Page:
Amino acid supplements often claim to improve recovery time, but do they really work?
Superfoods and antioxidants – do they really make you a healthier person, or is it just a clever marketing tool?
Energy bars can be expensive, especially if you’re cycling a lot. If you’re on a budget, it may help to make your own. Here’s a basic recipe to get you started, and a few suggestions to mix it up to use again and again.
Some scientific studies have cast a light on the dim area of cycling and exercise nutrition, and the results may surprise you. Here’s some tips on how to fuel during a ride and how to recover faster.
People like to talk about protein supplements, but most people don’t really know how to use them correctly, and unless you’re using your protein supplements right, you’re probably wasting your money.
Carbohydrates are the immediate energy supply for your muscles, providing far more bang for your buck than protein or fats.
It doesn’t take a genius to know that you’ve got to stay hydrated whilst out on the bike, but just how important is it to get your fluid intake right? Probably more than you might think.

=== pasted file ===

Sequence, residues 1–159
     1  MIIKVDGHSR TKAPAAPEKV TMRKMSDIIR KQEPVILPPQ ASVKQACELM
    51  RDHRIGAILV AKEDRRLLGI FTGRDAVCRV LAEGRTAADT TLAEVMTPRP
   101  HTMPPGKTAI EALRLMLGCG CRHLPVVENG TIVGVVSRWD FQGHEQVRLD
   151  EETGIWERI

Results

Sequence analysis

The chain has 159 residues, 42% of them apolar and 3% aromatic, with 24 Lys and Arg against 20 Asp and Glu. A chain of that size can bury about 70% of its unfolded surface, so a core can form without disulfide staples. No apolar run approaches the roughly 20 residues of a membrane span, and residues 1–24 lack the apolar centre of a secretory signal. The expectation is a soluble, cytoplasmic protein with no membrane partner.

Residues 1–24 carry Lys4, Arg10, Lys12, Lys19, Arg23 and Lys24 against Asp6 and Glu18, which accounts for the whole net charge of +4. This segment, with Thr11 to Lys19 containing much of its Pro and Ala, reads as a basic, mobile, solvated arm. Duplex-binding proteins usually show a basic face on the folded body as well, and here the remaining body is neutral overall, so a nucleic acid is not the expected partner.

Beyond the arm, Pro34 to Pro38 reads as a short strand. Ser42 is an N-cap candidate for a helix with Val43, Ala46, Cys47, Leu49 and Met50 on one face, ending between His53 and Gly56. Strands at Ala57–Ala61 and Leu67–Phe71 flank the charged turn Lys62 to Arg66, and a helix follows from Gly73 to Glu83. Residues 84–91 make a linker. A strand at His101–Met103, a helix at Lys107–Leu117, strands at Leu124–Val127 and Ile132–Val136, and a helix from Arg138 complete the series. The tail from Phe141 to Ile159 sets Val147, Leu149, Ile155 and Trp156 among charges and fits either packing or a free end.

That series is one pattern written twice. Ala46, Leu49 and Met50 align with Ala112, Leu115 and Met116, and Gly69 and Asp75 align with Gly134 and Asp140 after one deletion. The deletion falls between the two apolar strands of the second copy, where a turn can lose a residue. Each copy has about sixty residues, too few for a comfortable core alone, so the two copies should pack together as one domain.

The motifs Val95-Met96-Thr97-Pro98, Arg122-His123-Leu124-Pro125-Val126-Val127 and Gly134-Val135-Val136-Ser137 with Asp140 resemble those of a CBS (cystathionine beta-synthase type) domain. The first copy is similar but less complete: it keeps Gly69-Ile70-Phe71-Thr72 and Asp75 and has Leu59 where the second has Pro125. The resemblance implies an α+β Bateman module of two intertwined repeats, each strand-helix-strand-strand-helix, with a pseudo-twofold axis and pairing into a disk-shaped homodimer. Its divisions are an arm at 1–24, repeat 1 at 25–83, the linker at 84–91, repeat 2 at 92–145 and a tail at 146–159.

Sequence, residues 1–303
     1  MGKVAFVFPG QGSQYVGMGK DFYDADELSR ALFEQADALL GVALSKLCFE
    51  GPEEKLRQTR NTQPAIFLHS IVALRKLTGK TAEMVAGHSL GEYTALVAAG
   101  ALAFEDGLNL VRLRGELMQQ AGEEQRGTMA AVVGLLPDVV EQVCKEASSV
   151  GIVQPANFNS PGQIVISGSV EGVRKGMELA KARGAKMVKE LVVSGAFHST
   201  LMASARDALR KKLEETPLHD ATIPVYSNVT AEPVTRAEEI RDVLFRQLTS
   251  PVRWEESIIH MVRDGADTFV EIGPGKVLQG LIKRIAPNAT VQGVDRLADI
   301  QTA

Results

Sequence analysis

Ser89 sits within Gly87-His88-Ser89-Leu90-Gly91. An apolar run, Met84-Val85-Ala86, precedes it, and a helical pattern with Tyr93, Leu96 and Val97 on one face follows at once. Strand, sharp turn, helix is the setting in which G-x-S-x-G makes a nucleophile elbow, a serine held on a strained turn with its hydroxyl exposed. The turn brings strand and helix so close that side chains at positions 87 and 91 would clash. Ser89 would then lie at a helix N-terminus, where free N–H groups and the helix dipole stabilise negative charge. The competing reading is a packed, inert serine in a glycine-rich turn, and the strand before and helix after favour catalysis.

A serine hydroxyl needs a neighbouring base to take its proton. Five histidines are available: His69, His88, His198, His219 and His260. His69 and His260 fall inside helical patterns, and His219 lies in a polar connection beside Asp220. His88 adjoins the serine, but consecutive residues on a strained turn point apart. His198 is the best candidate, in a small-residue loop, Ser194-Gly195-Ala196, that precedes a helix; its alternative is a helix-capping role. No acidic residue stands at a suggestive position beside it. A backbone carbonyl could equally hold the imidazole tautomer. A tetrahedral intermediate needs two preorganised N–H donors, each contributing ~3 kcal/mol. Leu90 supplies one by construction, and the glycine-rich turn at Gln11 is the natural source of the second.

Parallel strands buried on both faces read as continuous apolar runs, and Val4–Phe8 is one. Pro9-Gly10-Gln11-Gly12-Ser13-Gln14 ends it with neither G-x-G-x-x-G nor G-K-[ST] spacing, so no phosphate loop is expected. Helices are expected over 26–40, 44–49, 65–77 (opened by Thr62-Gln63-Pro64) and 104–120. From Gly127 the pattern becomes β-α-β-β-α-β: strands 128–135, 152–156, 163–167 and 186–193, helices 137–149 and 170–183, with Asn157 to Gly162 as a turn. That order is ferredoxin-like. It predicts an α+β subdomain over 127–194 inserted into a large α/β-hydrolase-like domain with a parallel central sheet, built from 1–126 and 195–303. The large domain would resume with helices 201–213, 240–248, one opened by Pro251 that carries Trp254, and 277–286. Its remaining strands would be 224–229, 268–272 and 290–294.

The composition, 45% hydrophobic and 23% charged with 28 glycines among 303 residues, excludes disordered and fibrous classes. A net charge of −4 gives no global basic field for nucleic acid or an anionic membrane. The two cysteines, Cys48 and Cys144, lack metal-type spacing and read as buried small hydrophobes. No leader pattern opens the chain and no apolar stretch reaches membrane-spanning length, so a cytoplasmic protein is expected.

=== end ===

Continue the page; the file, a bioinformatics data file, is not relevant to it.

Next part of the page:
Always eat before starting your morning training. Sleeping depletes the liver’s store of glycogen, which is the major store of carbohydrate for blood sugar regulation. When this is reduced, your blood sugar level drops and fatigue sets in, making concentration difficult – particularly disadvantageous if you’re using your training session to learn a new technique.
Getting your nutrition and hydration strategy is vital and can make a huge difference to your performance and enjoyment levels during both training and racing. Fueling long sessions is often the most difficult. You’re out training for such a long time, often without access to proper foods – limited by what you can carry in your pockets.
The low down on the basics of nutrition.
Food, and by extension nutrition, can be broken down into four major categories; the macronutrients, Fats, Carbohydrates, Proteins and the lesser known Amino acids